In Chapter 31 of my book Sold Down the Yangtze: Canada’s Lopsided Investment Deal with China, I said that I’d post on this blog a longer description of the AbitibiBowater v Canada case, which is sometimes cited by foreign investors lawyers as an example of why ISDS works well or is needed.
The case was initiated by AbitibiBowater (now Resolute Forest Products) against Canada under NAFTA’s ISDS mechanism in 2009. The underlying dispute arose after the company closed its last operating mill in the province of Newfoundland & Labrador and the provincial legislature then expropriated assets of the company that had been granted under a historical concession to exploit natural resources in the province. The NAFTA case was settled by Canada’s federal government in 2010, with a payment of about CAD$130 million to the company.
The AbitibiBowater case has been portrayed by some ISDS promoters as a situation of expropriation without compensation and without allowance for access to the courts. Both of these claims are misleading in light of the statutory language and the treatment of “no-review” (i.e. privative) clauses in Canadian judicial review.
Indeed, the case could alternatively be portrayed from another perspective as a situation in which (1) a Canadian company was allowed by the federal government to merge with a U.S. company and then shortly after took advantage of NAFTA to (2) get a taxpayer-funded windfall in a dispute with a provincial government (3) after causing extensive environmental damage including immediate public health risks in its operations in the province and (4) after arguably breaking its commitment to provide local employment as a condition of its resource concession rights. I’ll try to avoid this sort of counter-advocacy in order to give some general context for the dispute.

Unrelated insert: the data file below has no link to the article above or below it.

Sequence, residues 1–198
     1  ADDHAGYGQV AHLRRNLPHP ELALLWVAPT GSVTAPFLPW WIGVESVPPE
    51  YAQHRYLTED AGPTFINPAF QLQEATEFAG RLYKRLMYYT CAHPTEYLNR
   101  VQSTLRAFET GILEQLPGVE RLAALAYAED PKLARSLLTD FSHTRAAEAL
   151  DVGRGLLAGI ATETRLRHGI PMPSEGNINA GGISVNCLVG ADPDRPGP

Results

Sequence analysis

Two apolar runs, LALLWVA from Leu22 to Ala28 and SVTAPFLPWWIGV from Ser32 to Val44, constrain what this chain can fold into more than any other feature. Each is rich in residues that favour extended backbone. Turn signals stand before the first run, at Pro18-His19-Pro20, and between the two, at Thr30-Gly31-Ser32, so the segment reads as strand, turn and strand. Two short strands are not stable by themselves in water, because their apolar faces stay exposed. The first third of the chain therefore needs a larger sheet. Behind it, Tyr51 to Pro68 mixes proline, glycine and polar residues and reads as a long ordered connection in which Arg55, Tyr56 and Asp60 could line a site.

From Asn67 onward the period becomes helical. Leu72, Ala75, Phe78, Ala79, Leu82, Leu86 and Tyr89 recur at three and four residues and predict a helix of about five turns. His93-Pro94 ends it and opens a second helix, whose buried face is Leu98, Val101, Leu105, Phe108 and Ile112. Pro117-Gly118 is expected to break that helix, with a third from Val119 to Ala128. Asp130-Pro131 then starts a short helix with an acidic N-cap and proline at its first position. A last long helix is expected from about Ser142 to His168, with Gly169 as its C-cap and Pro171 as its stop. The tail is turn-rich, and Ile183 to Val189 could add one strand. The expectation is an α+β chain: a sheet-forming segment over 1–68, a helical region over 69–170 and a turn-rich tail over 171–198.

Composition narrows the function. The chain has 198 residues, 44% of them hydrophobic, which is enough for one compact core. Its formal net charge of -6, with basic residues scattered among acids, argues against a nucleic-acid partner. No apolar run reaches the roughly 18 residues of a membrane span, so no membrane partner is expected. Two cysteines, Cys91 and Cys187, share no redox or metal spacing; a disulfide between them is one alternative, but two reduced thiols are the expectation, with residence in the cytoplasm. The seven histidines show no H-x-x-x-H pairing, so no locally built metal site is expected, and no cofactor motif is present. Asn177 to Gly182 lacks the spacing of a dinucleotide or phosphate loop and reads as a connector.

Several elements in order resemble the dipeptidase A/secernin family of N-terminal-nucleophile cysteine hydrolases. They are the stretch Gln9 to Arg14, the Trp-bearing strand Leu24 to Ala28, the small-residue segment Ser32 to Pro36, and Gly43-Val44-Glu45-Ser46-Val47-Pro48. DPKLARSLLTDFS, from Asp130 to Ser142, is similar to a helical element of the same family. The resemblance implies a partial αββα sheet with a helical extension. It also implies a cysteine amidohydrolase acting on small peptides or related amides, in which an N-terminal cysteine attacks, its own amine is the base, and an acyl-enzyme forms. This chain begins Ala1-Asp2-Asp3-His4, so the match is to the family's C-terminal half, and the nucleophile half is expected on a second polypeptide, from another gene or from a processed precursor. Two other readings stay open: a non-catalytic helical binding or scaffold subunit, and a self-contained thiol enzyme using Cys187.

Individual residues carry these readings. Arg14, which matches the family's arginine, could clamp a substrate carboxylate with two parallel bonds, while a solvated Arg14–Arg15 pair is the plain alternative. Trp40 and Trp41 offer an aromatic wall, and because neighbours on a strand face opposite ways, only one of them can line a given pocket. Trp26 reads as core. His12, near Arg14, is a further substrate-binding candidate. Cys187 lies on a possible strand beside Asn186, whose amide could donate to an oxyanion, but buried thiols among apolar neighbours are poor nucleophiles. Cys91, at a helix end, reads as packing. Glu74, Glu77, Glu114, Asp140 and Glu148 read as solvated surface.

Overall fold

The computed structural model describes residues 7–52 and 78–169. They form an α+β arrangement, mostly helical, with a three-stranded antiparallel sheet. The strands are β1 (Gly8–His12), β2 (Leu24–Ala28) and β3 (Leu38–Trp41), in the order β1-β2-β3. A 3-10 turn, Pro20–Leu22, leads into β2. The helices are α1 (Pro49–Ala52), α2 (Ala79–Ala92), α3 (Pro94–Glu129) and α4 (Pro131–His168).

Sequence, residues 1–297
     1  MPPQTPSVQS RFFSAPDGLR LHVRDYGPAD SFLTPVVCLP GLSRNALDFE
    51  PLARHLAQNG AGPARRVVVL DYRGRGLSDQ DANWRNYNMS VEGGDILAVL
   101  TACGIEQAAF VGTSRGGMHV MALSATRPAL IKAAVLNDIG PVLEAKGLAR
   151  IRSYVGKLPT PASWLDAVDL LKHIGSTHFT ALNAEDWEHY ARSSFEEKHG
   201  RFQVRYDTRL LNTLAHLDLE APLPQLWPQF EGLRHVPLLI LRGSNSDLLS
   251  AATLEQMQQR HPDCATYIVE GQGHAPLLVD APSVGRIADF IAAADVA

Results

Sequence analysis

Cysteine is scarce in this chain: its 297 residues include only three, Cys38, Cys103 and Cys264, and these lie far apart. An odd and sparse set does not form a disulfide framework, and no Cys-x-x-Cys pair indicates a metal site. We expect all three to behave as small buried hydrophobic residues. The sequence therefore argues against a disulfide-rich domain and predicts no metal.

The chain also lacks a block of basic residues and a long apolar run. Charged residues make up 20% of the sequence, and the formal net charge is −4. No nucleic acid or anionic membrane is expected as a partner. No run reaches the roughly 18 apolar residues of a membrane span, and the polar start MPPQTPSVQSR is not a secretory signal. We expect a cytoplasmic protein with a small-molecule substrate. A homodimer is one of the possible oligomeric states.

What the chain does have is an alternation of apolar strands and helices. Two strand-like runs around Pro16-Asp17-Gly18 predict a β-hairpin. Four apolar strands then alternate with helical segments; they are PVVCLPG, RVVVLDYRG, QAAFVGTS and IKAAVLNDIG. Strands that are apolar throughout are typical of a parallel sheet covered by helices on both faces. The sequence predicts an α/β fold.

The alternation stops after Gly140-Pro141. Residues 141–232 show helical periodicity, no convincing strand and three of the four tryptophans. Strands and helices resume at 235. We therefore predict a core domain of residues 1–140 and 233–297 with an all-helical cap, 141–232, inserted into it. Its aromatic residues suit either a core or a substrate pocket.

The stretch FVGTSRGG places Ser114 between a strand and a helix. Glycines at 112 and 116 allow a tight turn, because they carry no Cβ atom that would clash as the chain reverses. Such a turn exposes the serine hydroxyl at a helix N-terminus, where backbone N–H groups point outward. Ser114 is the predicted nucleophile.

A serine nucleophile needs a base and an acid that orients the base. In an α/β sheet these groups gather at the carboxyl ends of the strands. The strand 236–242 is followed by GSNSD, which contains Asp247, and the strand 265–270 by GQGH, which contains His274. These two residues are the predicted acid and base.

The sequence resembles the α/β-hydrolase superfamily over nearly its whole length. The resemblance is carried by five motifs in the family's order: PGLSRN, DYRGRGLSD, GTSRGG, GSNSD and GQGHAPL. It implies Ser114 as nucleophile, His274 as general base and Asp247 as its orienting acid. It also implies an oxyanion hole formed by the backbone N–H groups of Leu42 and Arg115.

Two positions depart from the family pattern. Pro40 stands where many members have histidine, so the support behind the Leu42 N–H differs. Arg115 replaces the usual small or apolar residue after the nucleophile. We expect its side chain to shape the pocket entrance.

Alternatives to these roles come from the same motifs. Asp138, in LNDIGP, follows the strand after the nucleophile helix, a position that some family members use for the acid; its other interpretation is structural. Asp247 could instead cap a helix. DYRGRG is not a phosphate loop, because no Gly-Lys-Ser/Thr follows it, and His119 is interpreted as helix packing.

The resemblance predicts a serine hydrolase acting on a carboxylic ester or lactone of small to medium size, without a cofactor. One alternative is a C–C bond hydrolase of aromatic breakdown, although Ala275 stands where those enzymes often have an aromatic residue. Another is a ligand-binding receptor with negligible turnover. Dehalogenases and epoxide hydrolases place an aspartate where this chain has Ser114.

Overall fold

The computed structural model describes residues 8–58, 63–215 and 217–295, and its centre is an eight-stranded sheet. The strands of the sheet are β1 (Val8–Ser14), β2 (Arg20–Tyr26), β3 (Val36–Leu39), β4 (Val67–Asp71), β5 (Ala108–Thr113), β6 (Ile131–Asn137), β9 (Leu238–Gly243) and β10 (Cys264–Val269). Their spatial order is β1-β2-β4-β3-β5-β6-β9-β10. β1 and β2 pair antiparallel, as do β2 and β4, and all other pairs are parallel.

To backtrack, the AbitibiBowater case arose from a provincial law that was passed by the Newfoundland & Labrador legislature in the late stages of a dispute over a resource concession contract dating from the early 1900s when N & L was a British colony. The provincial law (the Abitibi-Consolidated Rights and Assets Act, SNL 2008, c A-1.01) expropriated assets of the claimant and purported to preclude access by the claimant to domestic courts. The law also provided for payment of compensation as determined by the provincial Cabinet based, presumably on a method and process also to be determined by the provincial Cabinet.
We cannot know how this provision for compensation would have played out, what compensation would have been paid based on what process, and how Canadian courts would have dealt with the merits and process if they were to have reviewed the matter. This is because AbitibiBowater opted out of Canadian courts in favour of a NAFTA ISDS claim. Yet I think it likely that reasonable compensation would have been paid, albeit potentially after extensive litigation in Canadian courts.
Based tentatively on related litigation in Canada involving environmental remediation costs and the distribution of AbitibiBowater’s assets in bankruptcy proceedings, AbitibiBowater can at least have expected a fair and probably sympathetic hearing in Canadian courts, and ultimately the Supreme Court of Canada, of whatever amount was paid under the Act. Most of the judges in Canadian courts at all levels in the bankruptcy litigation were quite hard on the N & L government for the expropriation, although it should be noted that the bankruptcy litigation did originate in Quebec courts – whereas judicial review of the compensation for expropriation would have started in N & L – and then made its way to the Supreme Court, and the AbitibiBowater case is as much about Quebec-N&L relations as it is about U.S.-Canada relations. Abitibi we should keep in mind is a Quebec company that merged with U.S. Bowater in 2007. More on this point below.